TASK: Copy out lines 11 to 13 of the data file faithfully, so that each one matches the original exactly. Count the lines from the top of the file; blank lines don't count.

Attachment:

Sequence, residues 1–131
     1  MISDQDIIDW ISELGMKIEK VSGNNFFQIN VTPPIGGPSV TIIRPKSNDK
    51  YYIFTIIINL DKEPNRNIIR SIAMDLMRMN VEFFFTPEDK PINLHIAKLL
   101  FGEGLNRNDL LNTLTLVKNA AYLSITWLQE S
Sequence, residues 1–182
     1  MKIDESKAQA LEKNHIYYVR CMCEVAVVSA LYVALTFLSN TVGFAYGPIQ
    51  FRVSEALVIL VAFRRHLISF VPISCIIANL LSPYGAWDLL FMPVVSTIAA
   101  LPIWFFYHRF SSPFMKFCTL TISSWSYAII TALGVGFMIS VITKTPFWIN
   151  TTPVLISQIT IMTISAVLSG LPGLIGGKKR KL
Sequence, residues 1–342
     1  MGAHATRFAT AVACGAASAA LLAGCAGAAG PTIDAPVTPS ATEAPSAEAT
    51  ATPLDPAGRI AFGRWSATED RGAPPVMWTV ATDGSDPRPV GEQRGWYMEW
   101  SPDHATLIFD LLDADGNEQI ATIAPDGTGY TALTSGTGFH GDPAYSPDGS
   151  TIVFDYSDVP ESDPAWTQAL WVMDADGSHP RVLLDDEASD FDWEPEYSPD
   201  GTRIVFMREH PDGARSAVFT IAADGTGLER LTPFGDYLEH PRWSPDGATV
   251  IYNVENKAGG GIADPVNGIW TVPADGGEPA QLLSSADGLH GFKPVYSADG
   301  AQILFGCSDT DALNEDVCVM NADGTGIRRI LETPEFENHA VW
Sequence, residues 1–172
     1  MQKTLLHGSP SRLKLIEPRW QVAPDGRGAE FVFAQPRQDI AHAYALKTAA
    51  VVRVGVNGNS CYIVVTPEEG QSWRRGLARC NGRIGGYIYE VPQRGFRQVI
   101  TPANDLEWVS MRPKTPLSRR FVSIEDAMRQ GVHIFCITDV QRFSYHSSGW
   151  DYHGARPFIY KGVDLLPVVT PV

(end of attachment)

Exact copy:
     1  MGAHATRFAT AVACGAASAA LLAGCAGAAG PTIDAPVTPS ATEAPSAEAT
    51  ATPLDPAGRI AFGRWSATED RGAPPVMWTV ATDGSDPRPV GEQRGWYMEW
   101  SPDHATLIFD LLDADGNEQI ATIAPDGTGY TALTSGTGFH GDPAYSPDGS